I think the idea is that if you can keep the best players cheaper while they are young then teams can hold onto the players they draft longer, field competitive teams for less and then not have to worry so much about revenue sharing since teams wont necessarily have to spend to the cap to be competitive. Of course it does almost take us back to the pre cap days where the richer teams will be scooping up all the best talent once it becomes available, it does allow for more teams to be in that rich category since the ceiling is limited.
To players, because they each have to maximize their own earnings under any system, the contracting rights issues distorts value to an unacceptable degree.

As a group, they can only get 50%. The NHL shouldn't care how that 50% is divided. However, individual teams care very much because spending $4 MM on Stamkos is preferable to spending it on a 2nd liner they had to pick up off the UFA market.

They want the best players salaries restricted above and beyond anything that a cap system alone can deliver.

If you're a player, why would you support a system that pushes most of the money into the pockets of members whose greatest asset may be that they reached UFA status.

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11-13-2012, 01:54 PM
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Originally Posted by Lacaar View Post
See you just proved the point. They will just do it again. That means no matter what happens this CBA they'll just "Do it again".

Tommorrow can come and the NHL could get 99.9 percent of hrr.
By your statement.. the NHL will lock out the players again next time for sure.. guess for that 0.1 percent.
MOD
MOD

Second....the ideal is that the union has someone like Kelly who would be negotiating, trying to find a good middle-ground well before the deadline. At a certain point pro sports will have to make this adjustment.

However...the union didn't have their act together in time, so had to take the best path. A big part of that is ensuring that the NHL feels a loss from the lockout. This isn't 2004 - the league overall is profitable right now so a lockout actually means something. If the NHL doesn't get hurt in the process of locking out, then the NHL will continue to do so. Coming to the table with a plan of hurting the NHL unless there's a generous deal is the only way to make the NHL consider not locking out the players next time.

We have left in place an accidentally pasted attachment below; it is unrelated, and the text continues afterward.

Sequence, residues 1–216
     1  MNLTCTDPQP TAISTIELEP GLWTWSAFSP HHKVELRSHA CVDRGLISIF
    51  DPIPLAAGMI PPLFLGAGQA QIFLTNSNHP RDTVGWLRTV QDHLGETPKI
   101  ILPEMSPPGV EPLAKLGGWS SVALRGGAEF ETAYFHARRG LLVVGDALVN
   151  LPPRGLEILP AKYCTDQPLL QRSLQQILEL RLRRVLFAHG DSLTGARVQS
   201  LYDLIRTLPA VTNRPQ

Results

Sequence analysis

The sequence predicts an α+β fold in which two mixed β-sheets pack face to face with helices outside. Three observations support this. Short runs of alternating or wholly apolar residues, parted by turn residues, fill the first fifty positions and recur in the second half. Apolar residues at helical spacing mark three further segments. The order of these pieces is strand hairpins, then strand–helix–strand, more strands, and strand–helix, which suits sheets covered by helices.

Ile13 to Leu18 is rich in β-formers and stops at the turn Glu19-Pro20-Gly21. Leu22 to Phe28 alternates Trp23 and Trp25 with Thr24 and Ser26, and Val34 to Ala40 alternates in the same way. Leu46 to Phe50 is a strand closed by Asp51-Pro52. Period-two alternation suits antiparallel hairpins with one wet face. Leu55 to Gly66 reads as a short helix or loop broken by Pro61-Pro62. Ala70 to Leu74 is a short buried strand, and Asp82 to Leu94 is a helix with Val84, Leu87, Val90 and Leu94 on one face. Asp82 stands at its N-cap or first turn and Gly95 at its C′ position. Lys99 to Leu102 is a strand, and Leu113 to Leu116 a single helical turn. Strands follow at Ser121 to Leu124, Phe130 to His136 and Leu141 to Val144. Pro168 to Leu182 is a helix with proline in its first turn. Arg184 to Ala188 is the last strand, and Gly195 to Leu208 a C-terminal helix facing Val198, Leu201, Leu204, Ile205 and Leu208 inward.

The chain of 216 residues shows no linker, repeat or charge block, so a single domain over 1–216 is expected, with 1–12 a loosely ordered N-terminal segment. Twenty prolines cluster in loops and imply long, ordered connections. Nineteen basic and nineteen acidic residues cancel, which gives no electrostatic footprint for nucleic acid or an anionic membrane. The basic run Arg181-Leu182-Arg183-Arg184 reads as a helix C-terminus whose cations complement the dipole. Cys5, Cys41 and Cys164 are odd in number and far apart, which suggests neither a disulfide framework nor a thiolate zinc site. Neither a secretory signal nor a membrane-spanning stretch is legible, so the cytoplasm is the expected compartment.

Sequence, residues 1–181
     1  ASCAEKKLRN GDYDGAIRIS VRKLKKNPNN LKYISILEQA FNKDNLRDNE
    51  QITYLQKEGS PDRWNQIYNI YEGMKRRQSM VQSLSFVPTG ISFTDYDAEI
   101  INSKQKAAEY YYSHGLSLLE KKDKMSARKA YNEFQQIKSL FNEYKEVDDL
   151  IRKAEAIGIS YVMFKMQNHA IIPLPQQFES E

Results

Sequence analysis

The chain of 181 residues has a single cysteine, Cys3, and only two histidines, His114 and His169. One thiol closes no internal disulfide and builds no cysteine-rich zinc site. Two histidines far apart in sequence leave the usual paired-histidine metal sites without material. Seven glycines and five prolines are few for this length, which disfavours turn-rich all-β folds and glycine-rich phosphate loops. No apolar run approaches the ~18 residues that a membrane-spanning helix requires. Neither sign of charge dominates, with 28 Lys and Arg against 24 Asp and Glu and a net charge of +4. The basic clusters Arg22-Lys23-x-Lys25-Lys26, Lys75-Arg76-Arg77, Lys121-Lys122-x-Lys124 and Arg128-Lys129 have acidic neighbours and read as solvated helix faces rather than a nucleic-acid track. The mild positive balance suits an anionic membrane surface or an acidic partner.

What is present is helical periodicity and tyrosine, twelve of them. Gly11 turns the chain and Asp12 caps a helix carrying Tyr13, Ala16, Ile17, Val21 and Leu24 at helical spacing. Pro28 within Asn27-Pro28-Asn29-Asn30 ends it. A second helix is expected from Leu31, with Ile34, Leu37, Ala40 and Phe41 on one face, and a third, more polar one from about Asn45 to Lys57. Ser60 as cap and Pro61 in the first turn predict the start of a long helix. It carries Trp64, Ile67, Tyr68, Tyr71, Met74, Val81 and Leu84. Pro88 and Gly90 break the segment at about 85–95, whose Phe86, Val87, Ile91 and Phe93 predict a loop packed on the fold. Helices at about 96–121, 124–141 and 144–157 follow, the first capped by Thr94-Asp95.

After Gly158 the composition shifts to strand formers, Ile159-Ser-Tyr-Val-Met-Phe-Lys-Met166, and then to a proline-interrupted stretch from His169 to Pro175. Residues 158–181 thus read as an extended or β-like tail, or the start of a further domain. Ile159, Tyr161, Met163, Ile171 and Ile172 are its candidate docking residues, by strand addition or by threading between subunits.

Already the NHLPA has offers on the table 16% better than what the owners were tabling before the lockout. At the current time...the best longterm plan is to get any extra ground they can and to sign a CBA with a long term. That may not be the best for some individual players, but for the collective entity is it.


Last edited by Fugu: 11-13-2012 at 01:54 PM. Reason: I took care of it
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11-13-2012, 01:54 PM
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Originally Posted by Fred Brathwaite View Post
Ya your right. If the NHLPA hired someone other than Fehr the two sides would have met much earlier and we would probably be watching hockey right now.

If that indeed had happened, the PA would be better off to save their money and not have an expensive head of the PA. If the only thing that guy is deliver is a rubber stamp for NHL proposals, why would you pay him good money?

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11-13-2012, 01:56 PM
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If that indeed had happened, the PA would be better off to save their money and not have an expensive head of the PA. If the only thing that guy is deliver is a rubber stamp for NHL proposals, why would you pay him good money?